The Tamar Smelting Works at Weirquay, in the parish of Bere Ferrers, Devon,
is a surviving silver-lead smelter (1836, Tamar Smelting Company) at Weir Quay.
Adjoining the eastern end of the smelter site is the Union Tin Smelter.
This lead/silver smelter is on the Devon bank of the River Tamar, three kilometres
north-west of Bere Ferrers parish church.The smelter perimeter wall has a frontage
of 300 metres on the Gullytown road, broken by an entry into the eastern portion
of the site now used as a house – Fern Cottage – and a west facing frontage
of 100 metres on the Hole’s Hole road. The west frontage is formed by the former
offices – now a house called Treyard – and the main entrance gates into the
smelter yard. There is a very full history on the Weir
Quay Smelter by Dr Peter Claughton, from where most of this information
1835 the Mine at South Hooe was acquired by the Tamar Silver Lead Company.
Ore was smelted at the neighbouring property now known as Treyard
1839 was in the hands of Benjamin Somers, a lead smelter from Mendip.
1840s the Union Smelter had been established on a site immediately to the east
of the Tamar smelter, but this was treating tin ores and was initially operated
as a separate concern.
1845 the smelting works were acquired by Percival Norton Johnson, a Fellow
of the Royal Society, the owner of South Hooe mine and the founder of Johnson
Matthey and Co. The 18 furnaces could smelt well over 300 tons of lead ore a
month and employed between 80 and 90 men. The deep-water berth at Weir Quay
was improved to take vessels up to 400 tons and ore was imported for smelting
from Spain,France, Newfoundland and Wales.
1850s the smelter employed at least four Cornish flowing (reverberatory) furnaces
– two to three in work day and night at any one time – which required the ore
to be calcined prior to smelting. At least six calcining furnaces were used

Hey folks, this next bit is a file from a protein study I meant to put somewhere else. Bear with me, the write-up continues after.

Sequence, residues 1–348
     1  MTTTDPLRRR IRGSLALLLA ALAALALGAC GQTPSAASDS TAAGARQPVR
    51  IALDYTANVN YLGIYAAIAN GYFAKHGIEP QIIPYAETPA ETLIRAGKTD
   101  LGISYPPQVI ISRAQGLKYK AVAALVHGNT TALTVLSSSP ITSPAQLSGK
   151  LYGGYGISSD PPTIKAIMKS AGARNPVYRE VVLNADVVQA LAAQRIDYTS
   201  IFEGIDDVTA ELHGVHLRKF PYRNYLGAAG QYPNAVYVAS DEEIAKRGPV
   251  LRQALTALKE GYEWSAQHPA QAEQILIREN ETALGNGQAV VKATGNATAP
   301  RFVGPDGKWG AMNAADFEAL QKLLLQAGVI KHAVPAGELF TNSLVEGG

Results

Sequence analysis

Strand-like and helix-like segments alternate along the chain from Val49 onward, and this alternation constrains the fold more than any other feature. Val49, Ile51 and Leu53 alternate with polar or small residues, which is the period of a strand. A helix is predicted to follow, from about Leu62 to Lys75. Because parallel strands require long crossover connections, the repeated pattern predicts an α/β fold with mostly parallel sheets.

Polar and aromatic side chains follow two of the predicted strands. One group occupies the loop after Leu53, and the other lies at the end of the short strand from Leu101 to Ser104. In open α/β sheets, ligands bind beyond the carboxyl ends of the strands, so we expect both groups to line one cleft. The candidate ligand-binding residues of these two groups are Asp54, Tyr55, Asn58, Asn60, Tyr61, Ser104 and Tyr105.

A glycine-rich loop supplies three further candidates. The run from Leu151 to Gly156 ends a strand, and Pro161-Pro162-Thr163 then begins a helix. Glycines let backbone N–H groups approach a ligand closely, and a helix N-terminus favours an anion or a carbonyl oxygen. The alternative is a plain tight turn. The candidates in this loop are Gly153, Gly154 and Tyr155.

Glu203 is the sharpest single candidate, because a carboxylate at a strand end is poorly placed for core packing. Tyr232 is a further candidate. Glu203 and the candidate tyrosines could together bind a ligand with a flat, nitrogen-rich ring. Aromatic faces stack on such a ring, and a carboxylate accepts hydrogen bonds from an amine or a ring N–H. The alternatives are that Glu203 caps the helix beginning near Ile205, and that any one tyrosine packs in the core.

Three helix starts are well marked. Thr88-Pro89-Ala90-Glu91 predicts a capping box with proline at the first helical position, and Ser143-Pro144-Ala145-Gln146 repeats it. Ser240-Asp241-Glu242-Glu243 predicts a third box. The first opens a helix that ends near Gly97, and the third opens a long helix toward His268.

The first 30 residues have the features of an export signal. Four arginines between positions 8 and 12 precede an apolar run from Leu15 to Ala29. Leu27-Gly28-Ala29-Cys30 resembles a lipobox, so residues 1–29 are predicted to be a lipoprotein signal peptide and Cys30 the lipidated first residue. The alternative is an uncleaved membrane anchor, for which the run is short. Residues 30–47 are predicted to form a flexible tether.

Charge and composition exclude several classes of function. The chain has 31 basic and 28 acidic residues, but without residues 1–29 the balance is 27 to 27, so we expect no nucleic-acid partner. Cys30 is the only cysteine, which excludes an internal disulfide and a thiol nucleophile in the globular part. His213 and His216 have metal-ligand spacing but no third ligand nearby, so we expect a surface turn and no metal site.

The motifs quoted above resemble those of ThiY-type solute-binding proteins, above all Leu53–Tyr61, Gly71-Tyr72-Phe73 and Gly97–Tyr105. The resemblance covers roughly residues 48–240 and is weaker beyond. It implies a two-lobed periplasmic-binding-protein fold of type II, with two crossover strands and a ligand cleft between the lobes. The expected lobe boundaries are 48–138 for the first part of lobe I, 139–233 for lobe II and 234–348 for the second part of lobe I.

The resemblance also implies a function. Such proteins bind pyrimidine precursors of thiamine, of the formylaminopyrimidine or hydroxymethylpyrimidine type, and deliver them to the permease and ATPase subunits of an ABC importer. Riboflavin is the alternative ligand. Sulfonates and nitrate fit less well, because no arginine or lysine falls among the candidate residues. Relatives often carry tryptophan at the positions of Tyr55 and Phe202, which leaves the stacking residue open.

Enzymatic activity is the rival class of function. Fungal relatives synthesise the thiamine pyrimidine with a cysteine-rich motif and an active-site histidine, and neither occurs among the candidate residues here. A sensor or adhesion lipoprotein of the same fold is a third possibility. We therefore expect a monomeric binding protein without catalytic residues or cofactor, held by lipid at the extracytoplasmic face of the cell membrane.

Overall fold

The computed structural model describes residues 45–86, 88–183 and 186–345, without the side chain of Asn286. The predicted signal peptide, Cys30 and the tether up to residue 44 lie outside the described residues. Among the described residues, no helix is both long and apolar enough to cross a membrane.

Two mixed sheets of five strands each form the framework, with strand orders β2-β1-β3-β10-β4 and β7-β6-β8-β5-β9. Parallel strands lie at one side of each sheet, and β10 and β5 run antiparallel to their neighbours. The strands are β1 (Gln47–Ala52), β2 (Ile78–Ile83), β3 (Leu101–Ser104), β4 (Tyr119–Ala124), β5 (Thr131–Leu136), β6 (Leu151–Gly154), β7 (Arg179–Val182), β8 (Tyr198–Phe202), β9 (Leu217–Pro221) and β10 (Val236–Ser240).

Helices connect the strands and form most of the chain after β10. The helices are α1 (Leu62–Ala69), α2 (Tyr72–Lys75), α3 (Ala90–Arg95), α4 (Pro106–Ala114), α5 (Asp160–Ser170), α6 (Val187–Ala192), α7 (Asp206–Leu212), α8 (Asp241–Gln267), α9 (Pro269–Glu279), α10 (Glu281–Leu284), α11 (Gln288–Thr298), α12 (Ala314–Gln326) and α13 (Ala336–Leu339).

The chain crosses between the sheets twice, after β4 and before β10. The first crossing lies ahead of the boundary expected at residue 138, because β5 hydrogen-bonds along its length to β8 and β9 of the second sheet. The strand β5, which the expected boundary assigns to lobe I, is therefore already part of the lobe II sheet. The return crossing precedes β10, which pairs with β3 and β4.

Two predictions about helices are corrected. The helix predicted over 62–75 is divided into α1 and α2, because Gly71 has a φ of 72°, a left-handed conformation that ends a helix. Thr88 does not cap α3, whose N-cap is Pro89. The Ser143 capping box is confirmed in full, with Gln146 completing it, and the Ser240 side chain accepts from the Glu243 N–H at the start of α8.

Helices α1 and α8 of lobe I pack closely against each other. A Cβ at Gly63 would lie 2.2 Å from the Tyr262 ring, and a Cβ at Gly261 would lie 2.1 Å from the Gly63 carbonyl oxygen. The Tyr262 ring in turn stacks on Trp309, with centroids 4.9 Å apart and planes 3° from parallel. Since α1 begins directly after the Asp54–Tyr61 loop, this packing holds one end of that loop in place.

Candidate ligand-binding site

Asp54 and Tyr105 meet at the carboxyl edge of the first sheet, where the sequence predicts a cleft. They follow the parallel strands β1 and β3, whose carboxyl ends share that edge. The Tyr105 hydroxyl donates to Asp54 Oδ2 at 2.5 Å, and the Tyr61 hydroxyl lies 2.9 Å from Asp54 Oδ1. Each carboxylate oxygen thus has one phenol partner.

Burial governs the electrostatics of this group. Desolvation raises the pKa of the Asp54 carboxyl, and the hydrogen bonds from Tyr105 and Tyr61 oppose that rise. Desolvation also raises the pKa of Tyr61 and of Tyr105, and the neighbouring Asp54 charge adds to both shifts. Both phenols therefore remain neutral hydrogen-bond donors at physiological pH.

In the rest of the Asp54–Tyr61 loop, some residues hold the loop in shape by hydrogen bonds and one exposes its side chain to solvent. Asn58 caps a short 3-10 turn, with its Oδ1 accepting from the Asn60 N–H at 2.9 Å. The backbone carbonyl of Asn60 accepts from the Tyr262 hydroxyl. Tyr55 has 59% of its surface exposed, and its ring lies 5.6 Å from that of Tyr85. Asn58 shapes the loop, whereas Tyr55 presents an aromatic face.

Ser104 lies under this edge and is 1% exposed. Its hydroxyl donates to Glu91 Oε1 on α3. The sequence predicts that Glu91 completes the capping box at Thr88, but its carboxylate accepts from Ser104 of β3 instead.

in preparing the ore for smelting. Once smelted the silver-rich (fertile) lead
was, prior to 1850, refined in cupellation hearths. There it was heated in a
blast of air, converting the lead to litharge (lead oxide) which reacted with
and absorbed other minor base metallic components. The litharge was drawn off,
leaving metallic silver in the hearth, and then re-smelted to produce de-silvered
1849-50, on the recommendation of Johnson but against the wishes of a strong
minority of shareholders who felt that the capital expenditure to be excessive,
the Pattinson De-silvering Process was introduced at the smelter. This process
utilised the fact that lead crystalises at a higher temperature than silver
– by slowly lowering the temperature of a large pot of molten fertile lead to
the point where the lead started to separate out as crystals and skimming them
off, an enriched silver-lead was produced. The process was repeated a number
of times in a series of pots until the lead content was reduced to a minimum
and the residue was then subject to cupellation to produce pure silver.
The cupellation hearth, required a forced draught produced by bellows powered
by steam engines, although a water wheel may have been used in the early years
of the smelter – the draught for the reverberatory furnaces, including the calciners,
was induced through the use of a tall chimney.
1852 it was sold to the British and Colonial Smelting and Reduction Company,
of which Johnson was a director, to be operated in conjunction with works at
Millwall in London. This company continued to treat silver-rich lead ores, buying
from the Tamar mines and elsewhere (including some Australian and South American
ores) – operating a total of 20 furnaces and claiming to provide employment
to 130 men and boys.
1855 it was decided to wind up the company as losses were mounting. Some dismantling
of the furnaces took place on closure, probable to recover silver from the furnace
bottoms – part of deficit of 20,000ozs between the assay of ores purchased and
silver produced. The site was idle until..
1864/5 a new company – the Tamar Lead and Silver Smelting Co. Ltd. – was advertised
to reopen both the Tamar and Union works. The Tamar Lead and Silver Smelting
Co. Ltd. was never registered as a limited company and it is unclear what work
was carried out on the site after 1865. Some smelting activity may have been
returned to the site and it is apparent that the two smelters, Tamar and Union,
were considered as one unit after 1865 – the 25″ OS map (1st edn.) of 1884
marks both under the name ‘Tamar Smelting Works (Tin & Lead, disused)’.
The Union Works was subsequently used as a jam factory and the Tamar works
converted to dwellings.
1991, a report for English Heritage states ‘The two
smelting works (Tamar with Union) at Weirquay are also of considerable national
importance, since these sites plus Snailbeach New Cupola (Shropshire) are the
three best survivals of reverberatory smelters in England, and the survival
of the complete outline of the two adjacent complexes is unique.’